R.I.P. to John Romano, a catcher whose 10-year included four All-Star appearances over two seasons. He died on February 24 at the age of 84. Romano played for the Chicago White Sox (1958-59; 1965-66), Cleveland Indians (1960-64) and St. Louis Cardinals (1967).
John Romano was born on August 23, 1934 in Hoboken, N.J. He was signed by the White Sox in 1954 and immediately showed the power that he would go on to display in the majors. He appeared in 27 games for Dubuque and hit .355 with 6 homers. The next year, he was promoted to the Waterloo White Hawks and belted 38 home runs, setting a Three-I League record in the process. He homered 11 times in 12 games in one stretch and also led the league with 108 runs, 272 total bases and 124 RBIs, to go with a .321 average.
Romano never reached those numbers again, but he continued to be a good hitter in the minors and was named to Parade’s 1958 All-Star minor-league team, along with future major leaguers Rocky Nelson, Vada Pinson and Andre Rogers. The White Sox brought him up in September of 1958, and he had 2 hits in 7 at-bats. He’d never go back to the minors.
Romano was the backup catcher to Sherm Lollar for the 1959 Go-Go Sox. In 53 games, he hit .294 with 5 homers and 25 RBIs. He also walked 23 times for a .407 on-base percentage. He went hitless in one at-bat in the World Series against the Dodgers. A plan to move Lollar to first base never materialized, so the Sox found themselves with an excess of catchers (Romano, Lollar and Earl Battey).
Cleveland took Romano off the Sox’ hands in a big trade that also sent Norm Cash to the Indians in exchange for Minnie Minoso and three other players. Cash never played a game for Cleveland, as he was shipped to Detroit in April 1960 for Steve Demeter. That trade was a bust — Demeter went 0-for-5 in his career with Cleveland — but at least the Tribe still had Romano. He delivered as a catcher, eventually taking the starting catcher job from Russ Nixon and Hank Foiles. In 1960, he batted .272 with 16 home runs in 108 games.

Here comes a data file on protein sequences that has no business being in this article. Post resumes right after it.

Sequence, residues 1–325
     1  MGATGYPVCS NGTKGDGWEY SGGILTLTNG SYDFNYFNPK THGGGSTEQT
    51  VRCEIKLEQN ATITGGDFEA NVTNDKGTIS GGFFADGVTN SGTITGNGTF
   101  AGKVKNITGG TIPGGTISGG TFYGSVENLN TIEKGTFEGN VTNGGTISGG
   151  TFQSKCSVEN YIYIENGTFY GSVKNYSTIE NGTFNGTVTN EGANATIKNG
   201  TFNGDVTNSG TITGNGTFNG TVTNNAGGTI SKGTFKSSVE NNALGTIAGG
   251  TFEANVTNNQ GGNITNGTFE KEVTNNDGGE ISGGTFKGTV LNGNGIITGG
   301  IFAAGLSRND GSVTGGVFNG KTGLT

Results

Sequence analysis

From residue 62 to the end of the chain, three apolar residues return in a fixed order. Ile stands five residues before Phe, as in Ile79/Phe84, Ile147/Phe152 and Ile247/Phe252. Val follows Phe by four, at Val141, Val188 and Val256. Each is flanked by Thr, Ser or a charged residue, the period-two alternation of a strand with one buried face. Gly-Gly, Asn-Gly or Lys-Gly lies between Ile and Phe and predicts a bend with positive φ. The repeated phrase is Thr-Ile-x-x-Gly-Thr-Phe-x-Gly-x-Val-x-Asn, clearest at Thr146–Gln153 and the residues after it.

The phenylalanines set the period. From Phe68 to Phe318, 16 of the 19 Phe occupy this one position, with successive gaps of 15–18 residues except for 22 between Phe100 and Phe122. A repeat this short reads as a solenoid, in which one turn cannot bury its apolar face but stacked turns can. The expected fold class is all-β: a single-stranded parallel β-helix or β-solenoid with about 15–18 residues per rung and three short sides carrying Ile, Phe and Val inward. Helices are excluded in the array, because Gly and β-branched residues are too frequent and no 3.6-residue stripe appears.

His only problem was his weight. Romano weighed upwards of 230 pounds in his high school days and dropped to 186 pounds by the end of 1960. He showed up to Spring Training in 1961 at 206 pounds, to the displeasure of manager Jimmy Dykes. Dykes had to have loved Romano’s production though. The catcher hit 21 homers that season, drove in 80 runs and slashed .299/.377/.483. He was named to both All-Star teams (they had two All-Star squads then) and went a combined 0-for-4 as a starter in both contests. Romano earned a couple MVP votes for his season too.
He duplicated his All-Star feat in 1962, again being named to both All-Star teams. He singled off Bob Shaw for his lone All-Star hit. For the season, he reached career highs in home runs (25), RBIs (81) and walks (73). He suffered a hand injury in 1963 that kept him out of the lineup for a time, and he only hit .216 when he did play. He hit 19 home runs for Cleveland in 1964, but he ended up sharing time as a catcher with Joe Azcue.
In January 1965, he was part of a huge 3-team, 7-player deal that saw Romano, Tommy Agee and Tommy John go to the White Sox, Rocky Colavito go to Cleveland and Jim Landis go to Kansas City. He played in 122 games in each of the next two seasons with the Sox, with 18 and 15 home runs, but his batting average was below .250 each year. His finished his career in 1967 with the Cardinals , batting .121 in 24 games as a backup to Tim McCarver.
In his career, Romano slashed .255/.354/.443, with 706 hits, 129 home runs, 417 RBIs and 355 runs scored. He had a career .990 fielding average as a catcher and threw out 35% of baserunners. In announcing his death on Twitter, the Indians noted that he was 2nd all-time in home runs as a catcher and was named to the list of 100 Greatest Indians.
4 thoughts on “Obituary: John Romano (1934-2019)”